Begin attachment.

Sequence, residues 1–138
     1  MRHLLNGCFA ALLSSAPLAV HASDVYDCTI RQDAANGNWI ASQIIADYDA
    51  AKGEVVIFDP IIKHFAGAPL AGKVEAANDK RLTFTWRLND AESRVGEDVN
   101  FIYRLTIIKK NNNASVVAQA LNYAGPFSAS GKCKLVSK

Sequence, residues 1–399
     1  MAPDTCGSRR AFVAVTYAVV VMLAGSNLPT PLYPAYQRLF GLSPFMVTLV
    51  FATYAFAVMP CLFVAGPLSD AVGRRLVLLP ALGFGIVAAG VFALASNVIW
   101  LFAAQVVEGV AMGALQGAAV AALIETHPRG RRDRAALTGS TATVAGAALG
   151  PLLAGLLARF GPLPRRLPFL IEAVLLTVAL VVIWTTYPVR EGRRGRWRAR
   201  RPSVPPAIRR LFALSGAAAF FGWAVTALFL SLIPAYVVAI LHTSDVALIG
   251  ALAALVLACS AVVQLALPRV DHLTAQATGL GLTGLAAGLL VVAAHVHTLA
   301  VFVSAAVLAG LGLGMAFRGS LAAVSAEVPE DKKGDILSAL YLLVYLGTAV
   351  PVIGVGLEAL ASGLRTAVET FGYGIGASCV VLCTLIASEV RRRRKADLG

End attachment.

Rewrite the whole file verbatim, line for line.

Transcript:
Sequence, residues 1–138
     1  MRHLLNGCFA ALLSSAPLAV HASDVYDCTI RQDAANGNWI ASQIIADYDA
    51  AKGEVVIFDP IIKHFAGAPL AGKVEAANDK RLTFTWRLND AESRVGEDVN
   101  FIYRLTIIKK NNNASVVAQA LNYAGPFSAS GKCKLVSK

Sequence, residues 1–399
     1  MAPDTCGSRR AFVAVTYAVV VMLAGSNLPT PLYPAYQRLF GLSPFMVTLV
    51  FATYAFAVMP CLFVAGPLSD AVGRRLVLLP ALGFGIVAAG VFALASNVIW
   101  LFAAQVVEGV AMGALQGAAV AALIETHPRG RRDRAALTGS TATVAGAALG
   151  PLLAGLLARF GPLPRRLPFL IEAVLLTVAL VVIWTTYPVR EGRRGRWRAR
   201  RPSVPPAIRR LFALSGAAAF FGWAVTALFL SLIPAYVVAI LHTSDVALIG
   251  ALAALVLACS AVVQLALPRV DHLTAQATGL GLTGLAAGLL VVAAHVHTLA
   301  VFVSAAVLAG LGLGMAFRGS LAAVSAEVPE DKKGDILSAL YLLVYLGTAV
   351  PVIGVGLEAL ASGLRTAVET FGYGIGASCV VLCTLIASEV RRRRKADLG